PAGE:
Do you know PythonRopbotics? This is an OSS that writes robot algorithms in Python, which is also posted on arXiv. There is also his blog. Since I started researching robots, I have read it carefully and used it as a reference.

As I wrote in the article here, there is a potential method in the robot path planning method. It is used for avoiding obstacles of robots, etc. It is a method of defining a potential function for obstacles and destinations and taking a route to the destination along the gradient of the potential function.

In this article, I will explain in my own way for the purpose of understanding the program of potential method in Python Robotics.

Reference paper for the potential method https://www.mhi.co.jp/technology/review/pdf/511/511040.pdf

I'm importing numpy and matplotlib. As a parameter ・ Weight of destination potential ・ Weight of obstacle potential ・ Width of area for calculating potential method Is specified.

In the main function, the start, goal, obstacle position, potential method grid, and robot size are specified. You can see this in the comments.

```
import numpy as np
import matplotlib.pyplot as plt
# Parameters
KP = 5.0 # attractive potential gain
ETA = 100.0 # repulsive potential gain
AREA_WIDTH = 30.0 # potential area width [m]
show_animation = True
def main():
print("potential_field_planning start")
sx = 0.0 # start x position [m]
sy = 10.0 # start y positon [m]
gx = 30.0 # goal x position [m]
gy = 30.0 # goal y position [m]
grid_size = 0.5 # potential grid size [m]
robot_radius = 5.0 # robot radius [m]
ox = [15.0, 5.0, 20.0, 25.0, 10.0] # obstacle x position list [m]
oy = [25.0, 15.0, 26.0, 25.0, 10.0] # obstacle y position list [m]
if show_animation:
plt.grid(True)
plt.axis("equal")
# path generation
_, _ = potential_field_planning(
sx, sy, gx, gy, ox, oy, grid_size, robot_radius)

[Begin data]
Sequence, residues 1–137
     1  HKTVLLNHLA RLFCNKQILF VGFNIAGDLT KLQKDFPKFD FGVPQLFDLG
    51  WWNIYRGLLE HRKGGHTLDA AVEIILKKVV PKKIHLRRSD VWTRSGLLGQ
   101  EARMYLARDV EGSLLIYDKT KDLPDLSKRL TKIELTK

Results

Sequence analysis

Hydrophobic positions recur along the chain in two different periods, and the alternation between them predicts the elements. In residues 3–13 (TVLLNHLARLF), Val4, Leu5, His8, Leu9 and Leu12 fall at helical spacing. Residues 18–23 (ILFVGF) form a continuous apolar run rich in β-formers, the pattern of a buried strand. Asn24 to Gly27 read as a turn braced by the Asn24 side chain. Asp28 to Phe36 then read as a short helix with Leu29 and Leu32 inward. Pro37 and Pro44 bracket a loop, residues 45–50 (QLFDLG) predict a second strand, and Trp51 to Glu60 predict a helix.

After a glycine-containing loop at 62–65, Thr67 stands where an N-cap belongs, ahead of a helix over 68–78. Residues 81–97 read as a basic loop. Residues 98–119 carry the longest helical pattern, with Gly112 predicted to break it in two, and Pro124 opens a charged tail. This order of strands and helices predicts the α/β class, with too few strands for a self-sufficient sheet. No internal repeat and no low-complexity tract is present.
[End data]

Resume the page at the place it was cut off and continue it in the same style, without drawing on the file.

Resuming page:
if show_animation:
plt.show()
```

This function calculates the entire potential field.

The argument of this function is ・ Goal coordinates (x, y) ・ Obstacle coordinates (x, y) ·grid ・ Robot size It has become.

ox, oy contains a list of obstacle coordinates. Therefore, minx, y and maxx, y are as follows.

```
minx,y =The smallest coordinates of obstacles-Area width/ 2 \\
maxx,y =The largest coordinate of obstacles-Area width/ 2
```

Using them, `xw, yw`

used for each calculation range of x and y is output.
Next, prepare an array (`` `pmap```) to store the potential from the above values and grid.

After that, the potential from the goal (`ug`

) and the potential due to obstacles (`uo`

) are calculated, and the total (`uf`

) is calculated for each coordinate. It is stored in `` `pmap```.

```
def calc_potential_field(gx, gy, ox, oy, reso, rr):
minx = min(ox) - AREA_WIDTH / 2.0
miny = min(oy) - AREA_WIDTH / 2.0
maxx = max(ox) + AREA_WIDTH / 2.0
maxy = max(oy) + AREA_WIDTH / 2.0
xw = int(round((maxx - minx) / reso))
yw = int(round((maxy - miny) / reso))
# calc each potential
pmap = [[0.0 for i in range(yw)] for i in range(xw)]
for ix in range(xw):
x = ix * reso + minx
for iy in range(yw):
y = iy * reso + miny
ug = calc_attractive_potential(x, y, gx, gy)
uo = calc_repulsive_potential(x, y, ox, oy, rr)
uf = ug + uo
pmap[ix][iy] = uf
return pmap, minx, miny
```

This function is a function that calculates the gravitational potential from the goal. It simply uses numpy's hypot to get the distance between the two points and weight them.

This function is a function that calculates the repulsive force potential due to obstacles.
For each of the ox and oy elements, use numpy's hypot to calculate the distance between the two points, and for the smallest element (here linked by an index (`` `minid`)) We are calculating the distance between two points (`